CTV NEWS: Surrogacy in Canada: What are the laws?
By CTVNews.ca Staff
August 11, 2014
The case of an Australian couple accused of abandoning their son with his Thai surrogate mother after they learned he has Down syndrome is drawing attention to the spread of so-called surrogacy tourism.
Complicating the Thailand case is the fact that the Australian father is a convicted child sex offender. Speaking to an Australian media outlet on Sunday, David Farnell said the couple had been told prior to the birth that their son has Down syndrome, and that at that point they “expected the surrogacy agency to give them a refund and find a solution.”
Some countries, including India, Ukraine and Thailand, that have relatively lenient regulations around commercial surrogacy are popular for parents in developed countries looking for lower-cost surrogacy options.
In Canada, while surrogacy is legal, providing compensation for the surrogate is prohibited.
To clarify the rules in Canada, CTVNews.ca has taken a look at this country’s surrogacy laws.
Do Canadian surrogate mothers get paid?
In Canada, “commercial surrogacy”, which sees surrogate moms receive money for carrying a couple’s child, is illegal. It’s also illegal for would-be parents seeking a surrogate to advertise that they’re willing to pay a woman for the service.
It is legal, however, to reimburse a surrogate for the expenses she incurs as a result of the pregnancy. This is known as “altruistic surrogacy.”
All surrogacy contracts in Quebec, whether commercial or altruistic, are unenforceable.
Dr. Clifford Librach, medical director at Create fertility clinic in Toronto, said surrogacy arrangements in Canada are typically accompanied by legal contracts.
Librach told CTV News Channel that issues regarding the custody of the child after birth and what would happen if an abnormality or health issue is noticed before birth would be addressed in the contract.
“It’s unlikely in Canada, where we have very good testing prenatally, that (a severe abnormality) would have only been picked up so late in the pregnancy,” Librach said in an interview Monday.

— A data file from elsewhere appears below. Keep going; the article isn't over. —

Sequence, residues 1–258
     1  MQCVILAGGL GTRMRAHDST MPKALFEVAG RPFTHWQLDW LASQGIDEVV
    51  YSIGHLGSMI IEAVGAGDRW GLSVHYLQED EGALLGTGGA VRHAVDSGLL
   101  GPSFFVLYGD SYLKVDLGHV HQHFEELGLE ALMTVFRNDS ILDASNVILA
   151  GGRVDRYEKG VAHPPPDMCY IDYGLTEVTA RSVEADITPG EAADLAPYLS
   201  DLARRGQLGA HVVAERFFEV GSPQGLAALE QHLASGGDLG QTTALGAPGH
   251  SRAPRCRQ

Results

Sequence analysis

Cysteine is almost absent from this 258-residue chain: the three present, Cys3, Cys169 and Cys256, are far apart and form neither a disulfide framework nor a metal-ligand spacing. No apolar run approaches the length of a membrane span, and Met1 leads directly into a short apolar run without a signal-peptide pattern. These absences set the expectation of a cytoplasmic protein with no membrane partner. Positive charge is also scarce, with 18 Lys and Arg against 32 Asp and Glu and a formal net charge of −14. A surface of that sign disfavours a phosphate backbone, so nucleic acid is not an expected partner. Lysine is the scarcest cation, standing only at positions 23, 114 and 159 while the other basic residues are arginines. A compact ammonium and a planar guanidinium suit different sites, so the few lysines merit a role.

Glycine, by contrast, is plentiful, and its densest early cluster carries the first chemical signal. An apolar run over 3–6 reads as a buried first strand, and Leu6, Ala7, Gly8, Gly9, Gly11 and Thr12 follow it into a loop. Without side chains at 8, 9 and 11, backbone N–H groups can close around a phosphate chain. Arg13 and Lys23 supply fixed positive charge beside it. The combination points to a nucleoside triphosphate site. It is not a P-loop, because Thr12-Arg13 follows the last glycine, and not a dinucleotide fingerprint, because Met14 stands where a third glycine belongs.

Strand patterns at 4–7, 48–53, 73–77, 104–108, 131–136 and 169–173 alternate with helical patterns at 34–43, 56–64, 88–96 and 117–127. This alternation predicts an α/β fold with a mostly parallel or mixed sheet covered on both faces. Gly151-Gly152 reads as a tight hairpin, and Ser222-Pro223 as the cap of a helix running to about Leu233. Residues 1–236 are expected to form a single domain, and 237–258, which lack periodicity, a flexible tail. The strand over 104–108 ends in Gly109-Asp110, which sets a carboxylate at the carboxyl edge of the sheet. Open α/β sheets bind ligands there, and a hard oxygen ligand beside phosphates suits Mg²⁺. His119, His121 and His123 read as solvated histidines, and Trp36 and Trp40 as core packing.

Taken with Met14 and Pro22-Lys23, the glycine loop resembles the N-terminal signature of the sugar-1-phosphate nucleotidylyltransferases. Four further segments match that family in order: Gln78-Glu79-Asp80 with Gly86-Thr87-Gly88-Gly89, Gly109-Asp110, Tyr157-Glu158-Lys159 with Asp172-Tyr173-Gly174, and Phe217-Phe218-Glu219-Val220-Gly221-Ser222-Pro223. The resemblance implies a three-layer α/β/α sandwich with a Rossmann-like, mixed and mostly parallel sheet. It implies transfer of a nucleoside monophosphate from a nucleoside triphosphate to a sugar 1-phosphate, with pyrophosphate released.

What kind of screening do couples looking for a surrogate undergo?
Librach said he’s never encountered a case in which a convicted sex offender has pursued a surrogacy birth. But he noted that it is something that could happen in Canada.
“We can’t stop anyone from having a child naturally. Even if we have a fertility patient come to us, these sorts of things we may not know,” he said. “We would ask about psychological or psychiatric issues — if we knew about that, certainly it would be significant factor.”
Librach said all of the Create clinics have an ethics committee and clients go through an ethical evaluation, as well as legal and psycho-social assessments.
What expenses can surrogate moms charge for?
Surrogates are reimbursed for their out-of-pocket expenses during pregnancy, which could include pre-natal vitamins, medication, childcare, maternity clothes, and travel costs.
A surrogate mom could get reimbursed for the loss of work wages if she’s required to be on bed rest for the health of the embryo or fetus.
Paying a surrogate mother’s mortgage, credit card bills, or school tuition is considered illegal, however.
Those found guilty of breaking the law surrounding surrogacy in Canada could face a sentence of 10 years in jail, and a fine of up to $500,000.
How much should a couple have saved for a surrogacy pregnancy in Canada?
Those seeking a gestational surrogacy, in which an embryo from the intended parents is implanted into a surrogate mom through in-vitro fertilization (IVF), the cost of IVF alone can range from $10,000 to more than $20,000, depending on the clinic and number of treatments required. This does not include the cost of medication.
Expenses before and during pregnancy can range from $11,000 to more than $28,000 for expenses incurred travelling to an IVF clinic, childcare, airfare/accommodations, lost wages, medications, etc.
Legal expenses could cost up to $10,000 and additional costs such as medical care after birth, life insurance policies, DNA testing, medical and psychological evaluations also add to the cost.
According to the surrogacy support website Surrogacy In Canada, the average cost for a gestational surrogacy typically runs between $32,000 to more than $76,000.
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